What archive, library, or cemetery have you always wanted to visit to gather information on your ancestors? What research technique have you been meaning to put into practice but haven't yet? For 2013, make a list of these "New Year's resolutions for genealogy" and start checking them off your list. Here are some ideas:
- Join a genealogical society. There are small local groups, hosted by hometown public libraries, in which you can meet other genealogists who are doing research in the same area that you are. Or you can join larger societies such as the Daughters of the American Revolution. Many of these large national groups have pedigree requirements for membership, so applying to join will challenge you to do more extensive research on your family lines. It might just be the extra push your research needs.
- Keep a good research log. If you haven't been keeping a research log, start today! Start now! There is no other research practice and no other aspect of genealogy that will save you more time.
- Involve your family. If you think that your family members won't be interested in your research, you're probably wrong. Sure, some aspects of genealogy can be really boring: sitting at a microfilm readers turning reels of records, searching a library catalog for records that might contain your ancestors, but once you start learning about the life stories of your ancestors, genealogy is the most exciting thing in the world. Start by just telling your family members stories about their ancestors. Soon they'll be accompanying you on research excursions.
- Make time for what matters to you. The most commonly-cited reason for not doing family history research is, "I just don't have the time." But we all have the same number of hours in our day; you and I have the same number of hours that Thomas Edison and Mother Theresa had. So quit making excuses. If something-be it genealogy, or your family, or fly fishing-make time for it. How do you make time in your life where there was none before? By eliminating the non-essentials from your life and then planning in time for what you want to accomplish. Schedule thirty minutes of your day for genealogy, and then let people know not to disturb you during that time. If you can plan this time earlier in your day, all the better. That way when unexpected things come up that are beyond your control-out-of-town relatives or a crisis at work-you've already gotten your genealogy time.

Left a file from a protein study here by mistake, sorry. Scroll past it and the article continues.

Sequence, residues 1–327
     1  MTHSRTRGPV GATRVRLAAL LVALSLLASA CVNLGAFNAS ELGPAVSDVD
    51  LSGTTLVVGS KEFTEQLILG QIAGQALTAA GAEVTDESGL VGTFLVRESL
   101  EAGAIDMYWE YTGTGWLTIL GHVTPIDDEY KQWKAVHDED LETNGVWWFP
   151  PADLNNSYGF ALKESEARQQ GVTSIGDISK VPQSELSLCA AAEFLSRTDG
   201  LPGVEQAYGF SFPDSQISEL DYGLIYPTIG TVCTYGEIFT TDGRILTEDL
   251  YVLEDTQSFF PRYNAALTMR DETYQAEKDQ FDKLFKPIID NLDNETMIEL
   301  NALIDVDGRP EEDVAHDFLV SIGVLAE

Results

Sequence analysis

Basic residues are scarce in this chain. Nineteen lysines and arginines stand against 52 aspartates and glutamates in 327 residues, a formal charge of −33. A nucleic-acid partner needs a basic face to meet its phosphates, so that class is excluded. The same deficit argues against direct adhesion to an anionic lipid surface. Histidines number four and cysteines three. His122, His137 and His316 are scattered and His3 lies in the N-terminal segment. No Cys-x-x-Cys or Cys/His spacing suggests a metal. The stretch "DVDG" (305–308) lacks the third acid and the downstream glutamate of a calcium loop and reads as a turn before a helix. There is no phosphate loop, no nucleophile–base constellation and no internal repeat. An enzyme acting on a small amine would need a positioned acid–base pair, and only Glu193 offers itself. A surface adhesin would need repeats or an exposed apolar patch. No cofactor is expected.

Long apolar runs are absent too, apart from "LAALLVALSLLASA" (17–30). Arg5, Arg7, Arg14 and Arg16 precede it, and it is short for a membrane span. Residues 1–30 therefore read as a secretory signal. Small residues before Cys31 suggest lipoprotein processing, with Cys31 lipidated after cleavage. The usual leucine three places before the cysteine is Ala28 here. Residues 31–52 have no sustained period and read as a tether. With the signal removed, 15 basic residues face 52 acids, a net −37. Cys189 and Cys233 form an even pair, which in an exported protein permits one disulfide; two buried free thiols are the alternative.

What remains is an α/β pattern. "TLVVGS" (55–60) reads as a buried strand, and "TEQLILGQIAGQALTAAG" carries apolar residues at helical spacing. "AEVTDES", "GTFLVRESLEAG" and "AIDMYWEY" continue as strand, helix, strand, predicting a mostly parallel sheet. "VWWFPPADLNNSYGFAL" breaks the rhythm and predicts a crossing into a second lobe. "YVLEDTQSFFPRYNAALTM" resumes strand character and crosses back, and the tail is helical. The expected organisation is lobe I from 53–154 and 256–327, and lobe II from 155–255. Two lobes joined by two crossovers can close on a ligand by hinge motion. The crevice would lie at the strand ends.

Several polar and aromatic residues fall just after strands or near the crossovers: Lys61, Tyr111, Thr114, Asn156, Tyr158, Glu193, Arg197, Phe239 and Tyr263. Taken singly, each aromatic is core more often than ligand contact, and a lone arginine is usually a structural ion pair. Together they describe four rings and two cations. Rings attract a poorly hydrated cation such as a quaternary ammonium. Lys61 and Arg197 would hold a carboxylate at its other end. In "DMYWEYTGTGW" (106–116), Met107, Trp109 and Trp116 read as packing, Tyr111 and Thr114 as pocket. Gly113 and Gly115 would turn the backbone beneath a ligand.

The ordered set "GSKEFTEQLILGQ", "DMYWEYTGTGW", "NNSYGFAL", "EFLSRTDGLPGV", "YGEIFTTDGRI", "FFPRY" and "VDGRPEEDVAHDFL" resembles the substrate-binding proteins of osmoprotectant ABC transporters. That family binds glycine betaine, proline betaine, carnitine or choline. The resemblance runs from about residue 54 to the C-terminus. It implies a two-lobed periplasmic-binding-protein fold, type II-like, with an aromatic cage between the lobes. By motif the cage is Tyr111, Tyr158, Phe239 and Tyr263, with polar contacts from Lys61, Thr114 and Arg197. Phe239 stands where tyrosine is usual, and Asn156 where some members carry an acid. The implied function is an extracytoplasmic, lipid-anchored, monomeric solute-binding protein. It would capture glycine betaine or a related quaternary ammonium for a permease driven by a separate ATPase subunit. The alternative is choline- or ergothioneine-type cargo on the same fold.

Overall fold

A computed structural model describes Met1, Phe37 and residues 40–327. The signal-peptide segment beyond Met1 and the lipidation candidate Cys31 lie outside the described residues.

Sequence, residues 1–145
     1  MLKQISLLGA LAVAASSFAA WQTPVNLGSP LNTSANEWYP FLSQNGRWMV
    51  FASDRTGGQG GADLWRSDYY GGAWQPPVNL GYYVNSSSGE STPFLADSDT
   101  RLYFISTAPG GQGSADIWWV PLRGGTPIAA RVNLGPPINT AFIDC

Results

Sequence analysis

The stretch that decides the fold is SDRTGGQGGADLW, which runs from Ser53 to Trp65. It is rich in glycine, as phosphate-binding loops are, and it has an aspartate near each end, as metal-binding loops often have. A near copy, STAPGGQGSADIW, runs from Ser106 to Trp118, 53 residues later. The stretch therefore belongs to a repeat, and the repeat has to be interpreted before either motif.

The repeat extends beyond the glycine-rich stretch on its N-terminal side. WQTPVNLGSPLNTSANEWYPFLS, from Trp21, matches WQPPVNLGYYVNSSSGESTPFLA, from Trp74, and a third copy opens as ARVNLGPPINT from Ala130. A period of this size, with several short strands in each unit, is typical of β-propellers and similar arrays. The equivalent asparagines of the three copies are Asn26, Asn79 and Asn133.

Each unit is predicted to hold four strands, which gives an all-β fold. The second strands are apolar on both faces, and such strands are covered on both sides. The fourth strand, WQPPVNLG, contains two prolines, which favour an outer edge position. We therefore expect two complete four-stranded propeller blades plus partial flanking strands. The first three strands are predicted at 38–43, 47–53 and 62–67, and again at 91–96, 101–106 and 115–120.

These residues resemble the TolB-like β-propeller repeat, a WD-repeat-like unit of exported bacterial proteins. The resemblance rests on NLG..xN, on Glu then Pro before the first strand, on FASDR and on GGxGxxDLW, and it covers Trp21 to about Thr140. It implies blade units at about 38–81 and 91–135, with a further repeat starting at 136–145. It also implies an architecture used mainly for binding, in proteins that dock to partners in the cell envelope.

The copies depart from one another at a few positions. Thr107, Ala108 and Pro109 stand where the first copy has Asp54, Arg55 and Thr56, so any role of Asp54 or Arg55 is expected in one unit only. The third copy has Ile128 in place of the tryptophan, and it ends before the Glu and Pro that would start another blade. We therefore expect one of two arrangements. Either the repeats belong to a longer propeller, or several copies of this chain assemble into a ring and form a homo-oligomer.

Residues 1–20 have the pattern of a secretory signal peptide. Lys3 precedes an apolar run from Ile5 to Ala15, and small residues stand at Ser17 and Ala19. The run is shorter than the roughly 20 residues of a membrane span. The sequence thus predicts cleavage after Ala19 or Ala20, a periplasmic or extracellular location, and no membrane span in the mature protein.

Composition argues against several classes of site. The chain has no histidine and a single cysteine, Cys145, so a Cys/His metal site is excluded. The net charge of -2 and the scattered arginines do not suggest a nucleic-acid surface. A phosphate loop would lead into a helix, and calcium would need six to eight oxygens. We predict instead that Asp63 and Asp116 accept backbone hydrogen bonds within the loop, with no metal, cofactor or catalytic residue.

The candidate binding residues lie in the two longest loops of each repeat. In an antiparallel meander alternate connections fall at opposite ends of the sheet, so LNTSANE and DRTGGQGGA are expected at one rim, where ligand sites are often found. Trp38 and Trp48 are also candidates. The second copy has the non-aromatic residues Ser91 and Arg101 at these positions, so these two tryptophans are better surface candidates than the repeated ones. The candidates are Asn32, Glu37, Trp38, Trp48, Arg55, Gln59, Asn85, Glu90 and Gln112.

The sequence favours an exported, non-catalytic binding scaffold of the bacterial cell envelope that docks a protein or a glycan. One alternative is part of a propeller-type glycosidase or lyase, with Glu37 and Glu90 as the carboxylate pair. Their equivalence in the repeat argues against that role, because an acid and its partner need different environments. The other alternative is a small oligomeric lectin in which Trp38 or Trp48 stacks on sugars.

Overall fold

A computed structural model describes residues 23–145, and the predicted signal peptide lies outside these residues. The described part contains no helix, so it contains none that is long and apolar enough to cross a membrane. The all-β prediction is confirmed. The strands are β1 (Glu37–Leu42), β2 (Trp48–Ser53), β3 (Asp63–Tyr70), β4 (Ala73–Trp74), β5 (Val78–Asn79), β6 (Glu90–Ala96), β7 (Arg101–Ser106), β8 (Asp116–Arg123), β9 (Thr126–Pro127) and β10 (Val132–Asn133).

Whatever goals you decide to set for the New Year, don't get discouraged if things don't go smoothly or if life gets so busy that you only keep your goal for the first few months of the year. Just remember: for as long as you keep a goal, it benefits you. Even if you don't keep it perfectly.